The present invention addresses these problems by providing an apparatus for obtaining odor(s) emitted from an odor emitting source. The apparatus of the present invention includes an adsorption unit having at least two openings, which may be one or more capillary tubes. The interior surfaces of the tubes comprise an adsorbent material for adsorbing odor chemicals. A suction device for drawing odor chemicals into the adsorption unit, is positioned for and connected to the tube assembly and a connector connects the tube assembly and the drawing device.
The invention also provides a process for obtaining or capturing odor chemicals. The process includes placing an adsorption unit, which comprises on its interior surface an adsorbent material for trapping aroma chemicals, in proximity to an aroma-emitter, and drawing aroma chemicals into an opening of the adsorption unit with a gas drawing means which is operably connected to the adsorption unit.
Further, the invention allows for the thermal desorption of adsorbed sample, cryogenic focusing, and resolution and identification odor components by GC/MS.
It is an object of the present invention to provide an apparatus for obtaining aroma chemicals from, in particular, difficult to reach aroma emitters.
It also is an object of the present invention to provide an apparatus which is readily portable and is durable for obtaining aroma chemicals from, in particular, a dense canopy.
It also is an object of the present invention to provide a process for obtaining aroma chemicals from, in particular, difficult to reach aroma emitters.
It is a further object of the invention to provide a process for obtaining aroma molecules which facilitates a short capture time.DETAILED DESCRIPTION OF THE INVENTION
The apparatus for obtaining odors includes an adsorption unit, a suction device for drawing the odor chemicals into the adsorption unit, and a connector for connecting the adsorption unit and the suction device.
The adsorption unit has an opening for receiving odor chemicals and an opening displaced away from the first for drawing the odor chemicals through. The adsorption unit can be a tube or preferably, a plurality of tubes. A plurality of capillary tubes are the most preferred type of adsorption unit. As used herein, the term odor includes, but is not limited to aromas, as for example, fragrant scents.
The type and dimensions of the tubes of the adsorption unit may vary. For example, a single tube having a plurality of crossing wall portions contained within the tube are considered to be an equivalent alternative to the plurality of capillary tubes. Similarly, tubes having concentric tubes of decreasing diameter contained within a tube also are considered to be equivalent, because of the favorable surface area exposed to odor chemicals. Generally, the inside diameter of the capillary tube ranges from about 0.07 mm to about 1.0 mm, and more preferably from about 0.75 mm to about 0.9 mm.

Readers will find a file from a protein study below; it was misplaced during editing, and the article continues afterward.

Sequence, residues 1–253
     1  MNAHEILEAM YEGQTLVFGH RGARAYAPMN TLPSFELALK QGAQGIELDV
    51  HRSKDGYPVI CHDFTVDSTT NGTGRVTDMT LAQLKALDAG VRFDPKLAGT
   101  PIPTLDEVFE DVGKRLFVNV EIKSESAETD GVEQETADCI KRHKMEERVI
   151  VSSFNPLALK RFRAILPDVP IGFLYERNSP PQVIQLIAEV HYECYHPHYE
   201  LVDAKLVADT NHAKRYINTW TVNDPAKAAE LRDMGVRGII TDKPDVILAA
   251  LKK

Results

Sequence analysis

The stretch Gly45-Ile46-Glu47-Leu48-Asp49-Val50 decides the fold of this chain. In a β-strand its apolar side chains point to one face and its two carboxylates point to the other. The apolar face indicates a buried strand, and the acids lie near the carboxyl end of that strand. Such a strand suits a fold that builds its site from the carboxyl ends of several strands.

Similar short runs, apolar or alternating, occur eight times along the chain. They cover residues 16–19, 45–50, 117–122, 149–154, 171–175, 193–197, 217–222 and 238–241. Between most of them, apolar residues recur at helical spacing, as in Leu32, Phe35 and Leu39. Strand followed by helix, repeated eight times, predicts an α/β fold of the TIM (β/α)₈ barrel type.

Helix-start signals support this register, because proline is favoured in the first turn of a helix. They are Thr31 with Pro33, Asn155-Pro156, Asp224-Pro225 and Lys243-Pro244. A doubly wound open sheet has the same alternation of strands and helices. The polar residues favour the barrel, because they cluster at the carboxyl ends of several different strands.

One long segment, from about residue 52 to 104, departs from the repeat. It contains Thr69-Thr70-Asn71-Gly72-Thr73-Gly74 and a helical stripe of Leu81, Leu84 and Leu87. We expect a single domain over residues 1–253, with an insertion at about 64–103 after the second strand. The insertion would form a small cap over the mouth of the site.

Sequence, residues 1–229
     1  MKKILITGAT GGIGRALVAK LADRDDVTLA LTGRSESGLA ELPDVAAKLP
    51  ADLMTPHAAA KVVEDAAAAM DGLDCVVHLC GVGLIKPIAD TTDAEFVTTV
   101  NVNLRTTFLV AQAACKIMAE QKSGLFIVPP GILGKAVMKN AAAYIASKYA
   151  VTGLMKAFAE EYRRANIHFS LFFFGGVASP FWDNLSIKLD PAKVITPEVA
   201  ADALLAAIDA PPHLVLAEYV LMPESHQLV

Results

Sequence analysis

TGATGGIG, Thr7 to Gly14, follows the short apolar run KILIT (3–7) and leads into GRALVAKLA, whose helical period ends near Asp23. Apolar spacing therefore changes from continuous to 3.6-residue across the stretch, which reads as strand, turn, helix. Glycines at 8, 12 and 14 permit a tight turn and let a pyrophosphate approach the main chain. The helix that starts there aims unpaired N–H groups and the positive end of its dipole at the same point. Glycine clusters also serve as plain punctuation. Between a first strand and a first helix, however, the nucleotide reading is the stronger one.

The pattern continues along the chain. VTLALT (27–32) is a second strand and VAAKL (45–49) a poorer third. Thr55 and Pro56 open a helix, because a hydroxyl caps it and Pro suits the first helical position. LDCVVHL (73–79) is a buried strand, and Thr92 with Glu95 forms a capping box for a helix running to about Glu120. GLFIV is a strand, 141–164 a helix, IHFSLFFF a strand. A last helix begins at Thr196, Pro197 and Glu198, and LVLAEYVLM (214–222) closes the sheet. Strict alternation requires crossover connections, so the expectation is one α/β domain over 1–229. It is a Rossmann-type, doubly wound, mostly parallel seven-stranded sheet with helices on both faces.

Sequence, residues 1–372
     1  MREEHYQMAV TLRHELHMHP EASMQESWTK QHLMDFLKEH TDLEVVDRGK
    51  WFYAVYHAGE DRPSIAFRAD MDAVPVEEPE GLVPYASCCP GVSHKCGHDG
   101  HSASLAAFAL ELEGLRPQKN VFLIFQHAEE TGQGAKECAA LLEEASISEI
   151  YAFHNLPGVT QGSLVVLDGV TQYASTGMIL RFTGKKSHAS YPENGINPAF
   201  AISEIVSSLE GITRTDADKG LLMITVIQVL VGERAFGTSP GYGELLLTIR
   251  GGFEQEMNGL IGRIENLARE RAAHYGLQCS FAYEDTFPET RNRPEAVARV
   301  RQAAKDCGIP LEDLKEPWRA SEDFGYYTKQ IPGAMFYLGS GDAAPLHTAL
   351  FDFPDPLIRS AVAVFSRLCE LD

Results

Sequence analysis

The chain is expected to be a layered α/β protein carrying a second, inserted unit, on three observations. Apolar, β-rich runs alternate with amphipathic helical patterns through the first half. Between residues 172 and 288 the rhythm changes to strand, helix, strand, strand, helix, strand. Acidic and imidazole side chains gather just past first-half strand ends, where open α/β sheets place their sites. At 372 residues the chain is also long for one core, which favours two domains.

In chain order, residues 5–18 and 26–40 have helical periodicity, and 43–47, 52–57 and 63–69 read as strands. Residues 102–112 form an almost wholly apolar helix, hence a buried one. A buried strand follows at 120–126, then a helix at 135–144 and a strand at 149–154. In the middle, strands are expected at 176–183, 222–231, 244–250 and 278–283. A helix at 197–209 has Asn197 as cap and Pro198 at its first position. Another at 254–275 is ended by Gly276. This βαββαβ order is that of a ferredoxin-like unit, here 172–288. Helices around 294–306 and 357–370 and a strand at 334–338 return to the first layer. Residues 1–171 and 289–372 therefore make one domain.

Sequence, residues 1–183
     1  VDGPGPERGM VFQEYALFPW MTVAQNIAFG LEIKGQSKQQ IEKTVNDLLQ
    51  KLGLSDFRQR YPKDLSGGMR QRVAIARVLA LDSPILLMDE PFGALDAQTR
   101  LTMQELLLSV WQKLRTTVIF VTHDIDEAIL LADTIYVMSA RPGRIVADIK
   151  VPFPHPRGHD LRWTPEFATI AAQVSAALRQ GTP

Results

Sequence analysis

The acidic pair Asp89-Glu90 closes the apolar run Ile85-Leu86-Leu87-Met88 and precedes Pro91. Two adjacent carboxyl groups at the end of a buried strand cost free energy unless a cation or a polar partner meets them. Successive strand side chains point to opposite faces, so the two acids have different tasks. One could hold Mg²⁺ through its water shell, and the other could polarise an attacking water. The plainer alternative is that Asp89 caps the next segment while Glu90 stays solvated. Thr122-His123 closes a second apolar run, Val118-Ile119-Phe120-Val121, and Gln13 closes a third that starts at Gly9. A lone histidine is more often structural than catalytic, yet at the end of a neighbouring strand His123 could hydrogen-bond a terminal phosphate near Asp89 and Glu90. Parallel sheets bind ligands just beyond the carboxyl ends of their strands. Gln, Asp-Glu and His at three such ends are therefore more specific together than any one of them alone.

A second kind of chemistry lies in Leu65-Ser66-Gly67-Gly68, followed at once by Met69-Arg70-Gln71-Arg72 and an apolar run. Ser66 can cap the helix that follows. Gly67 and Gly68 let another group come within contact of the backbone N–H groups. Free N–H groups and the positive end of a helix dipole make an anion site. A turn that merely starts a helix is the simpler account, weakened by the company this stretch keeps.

The interior surface(s) of the adsorption unit are coated with an adsorbent material for adsorbing odor chemicals from the air to the stationary material. It is also contemplated that the adsorption unit integrally have interior surface(s) of an adsorbing material. As used herein, an adsorption unit which comprises an adsorbent material on its surface(s) encompasses both of these situations.
The adsorbent employed can vary depending on the odor chemicals sought to be obtained. Generally adsorbent materials, e.g., charcoal, may be used. Preferably, highly adsorbent materials of differing polarity are used to ensure that all aroma chemicals are obtained. The adsorbent material can be selected from the group consisting of a polar adsorbent, a non-polar adsorbent, an intermediate polarity adsorbent, and any combination thereof. A portion of the capillary tubes may be internally coated with a polar adsorbent, another portion with a non-polar adsorbent, and another portion with an intermediate polarity or neutral adsorbent. Examples of adsorbent materials that are useful in the practice of the invention are Carbowax 20-M as a polar phase adsorbent, methyl silicone as a non-polar adsorbent, and phenyl methyl silicone and polyacrylate as intermediate polarity adsorbents. These materials are coated on the inside of the capillary tube to a thickness of from about 0.1 .mu.m to about 1.25 .mu.m, preferably from about 0.1 to about 0.7 .mu.m, and most preferably from about 0.15 .mu.m to about 0.7 .mu.m.
In addition, while preferred tubes for obtaining flower aromas are capillary tubes made from fused silica, alternative tubes may be made of different types of materials which may not be required to be coated per se or which may be made, for example, of metal, of glass, of tempered glass, of a polymer, or of a polymer composite.